A magic model to aid marketing managers
R. K. Reddy
Tara, the marketing manager of the FMCG giant, Cleanactive, is staring at the graph on the screen in front of her. She is disappointed with the market performance of the brand portfolio under her during the previous financial year. The brands experienced a smooth decline in sales volume despite increased advertising and promotional efforts.
Then comes a `mathemagician' who claims to revive the brands and restore the lost sales volume while bringing down the rupee spend on various advertising and promotional activities, and all he asks for is the sales and marketing-efforts data during the last couple of years.
From his bag of tricks he takes out a strange-looking crystal ball which he calls the Marketing Mix Model. It looks strange as it has two surfaces - one shows the past while the other shows the roadmap for the future. Observing the confusion on her face, he explains that the roadmap for the future is the reflection of the past and is the function of all the activities in the past. He asks the marketing manager to help him look into the former surface and he will let her see the roadmap into the latter that leads to her brands' revival.
Marketing Mix Modelling (MMM) is an analytical approach that uses past data (syndicated point-of-sale data and companies' internal data) to quantify the sales impact of various marketing activities. Mathematically, this is done by establishing a simultaneous relation of various marketing activities with sales in the form of a linear or a non-linear equation, through the statistical technique of regression.
MMM defines the effectiveness of each of the marketing elements in terms of its contribution to sales-volume, effectiveness (volume generated by each unit of effort), efficiency (volume generated by each rupee spend) and ROI (rupee generated by each rupee spend). These learnings are then adopted to adjust marketing tactics and strategies, optimise the marketing plan and also to forecast sales while simulating various scenarios.
All product industries, especially FMCG, are highly driven by marketing efforts that include advertising on various media channels and promotions to retailers or consumers. Companies are spending up to 40 per cent of the top-line sales on such marketing activities. Mathematical data modelling can help increase efficiency of this spend by up to 30 per cent. With the increasing number of channels to advertise their brands, marketing managers like Tara are facing huge challenges identifying the right mix of channels for advertisement.
The issue becomes more challenging in the light of each channel getting cluttered with more and more brands being introduced into the market and each trying to speak louder. Each player in the market is spending more and more while not increasing their share of volume or even the absolute volume.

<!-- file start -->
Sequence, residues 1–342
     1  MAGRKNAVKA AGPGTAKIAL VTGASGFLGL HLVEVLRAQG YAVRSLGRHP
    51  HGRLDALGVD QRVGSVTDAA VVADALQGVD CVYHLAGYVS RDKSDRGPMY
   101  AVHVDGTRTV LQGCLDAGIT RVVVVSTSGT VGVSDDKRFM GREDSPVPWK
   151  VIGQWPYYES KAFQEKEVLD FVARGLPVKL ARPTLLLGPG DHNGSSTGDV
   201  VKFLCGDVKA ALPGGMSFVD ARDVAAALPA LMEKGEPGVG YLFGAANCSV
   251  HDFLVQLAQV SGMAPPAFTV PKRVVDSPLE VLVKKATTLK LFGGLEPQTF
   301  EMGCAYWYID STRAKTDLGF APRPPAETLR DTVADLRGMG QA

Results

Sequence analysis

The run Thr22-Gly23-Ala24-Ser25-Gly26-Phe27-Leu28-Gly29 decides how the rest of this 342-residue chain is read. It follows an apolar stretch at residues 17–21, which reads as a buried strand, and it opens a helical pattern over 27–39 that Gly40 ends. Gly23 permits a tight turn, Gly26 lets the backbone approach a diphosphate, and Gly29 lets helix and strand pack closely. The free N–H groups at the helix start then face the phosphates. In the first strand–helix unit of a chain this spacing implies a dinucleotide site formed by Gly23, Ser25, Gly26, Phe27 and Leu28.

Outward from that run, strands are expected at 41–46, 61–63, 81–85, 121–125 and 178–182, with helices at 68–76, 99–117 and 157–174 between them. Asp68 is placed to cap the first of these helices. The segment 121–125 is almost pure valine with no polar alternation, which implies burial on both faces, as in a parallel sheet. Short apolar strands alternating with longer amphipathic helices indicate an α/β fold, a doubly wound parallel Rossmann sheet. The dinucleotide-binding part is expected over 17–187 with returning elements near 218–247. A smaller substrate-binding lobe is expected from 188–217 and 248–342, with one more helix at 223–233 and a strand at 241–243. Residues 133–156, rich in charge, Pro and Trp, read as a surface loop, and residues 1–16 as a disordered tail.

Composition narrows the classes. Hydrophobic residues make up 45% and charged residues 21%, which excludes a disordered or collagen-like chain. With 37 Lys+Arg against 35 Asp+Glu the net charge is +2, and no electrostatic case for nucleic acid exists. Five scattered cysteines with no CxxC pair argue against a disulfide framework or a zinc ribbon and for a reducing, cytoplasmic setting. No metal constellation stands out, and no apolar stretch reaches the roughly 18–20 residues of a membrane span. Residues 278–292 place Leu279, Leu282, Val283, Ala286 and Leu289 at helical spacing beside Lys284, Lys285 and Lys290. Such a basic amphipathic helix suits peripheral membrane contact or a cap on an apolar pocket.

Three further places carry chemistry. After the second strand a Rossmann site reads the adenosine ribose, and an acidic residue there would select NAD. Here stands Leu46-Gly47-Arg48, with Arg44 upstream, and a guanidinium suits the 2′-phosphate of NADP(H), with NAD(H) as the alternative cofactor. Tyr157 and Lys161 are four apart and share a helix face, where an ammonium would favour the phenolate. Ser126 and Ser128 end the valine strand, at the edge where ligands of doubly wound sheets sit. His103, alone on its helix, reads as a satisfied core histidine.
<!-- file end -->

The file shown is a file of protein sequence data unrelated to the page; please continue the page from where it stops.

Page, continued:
A potent device
MMM is a powerful tool that helps managers identify the right mix of channels for advertising and hence make better business decisions in terms of allocating marketing spend and media planning - not just allocation to various channels of marketing but also the allocation to each channel across time periods.
For instance, a major brand in the Philippines was to identify a couple of effective media channels, other than conventional ones, for its promotion. Marketing mix modelling helped identify those, and they turned out to be e-mail campaigns and in-store promotions. These could deliver higher ROI as compared to conventional media.
MMM equips managers with the knowledge and understanding of the due-to and the what-if scenarios, like what if the entire TV spend from one region is shifted to another, what if part of the print spend is shifted in launching a new TV ad copy? Managers can better evaluate the trends and forecast the volume through their marketing activities. They can anticipate the consumer response to marketing activity, and can identify the upside potential and downside risk of changing marketing spends. Additionally, MMM helps them to evaluate the performance of various kinds of in-store or direct-to-consumer promotions. It tells us the success rates of various new product introductions or other initiatives and the reasons for it.
A recent MMM study showed that new initiatives for a leading hair-care brand in Australia were becoming less effective in boosting the sales volume, and a deeper diagnosis revealed that these initiatives were drifting away from the core equity of the brand and also that they were lacking holistic media support. Managers realised this and planned future initiatives accordingly to make them more effective.
The impact of pricing (both own and competitors') and distribution (both width and depth) can also be gauged through MMM, which helps managers identify the optimal price vis-à-vis competition and the right markets to be present in with optimal spread and the optimal number of items. Another recent study in Mexico identified the optimal price for a large SKU in a club store vis-à-vis small SKUs in other stores in order to get the most out of buyers and still retaining the loyal customers. All this taken together gives managers a huge competitive advantage.
The insights that this tool can provide can go far beyond the limit that marketing managers can imagine. For example, in TV advertising activity, we can know how each ad copy has performed in the market in terms of its impact on sales volume. We can gain insights into the direct and the halo effect of TV activity.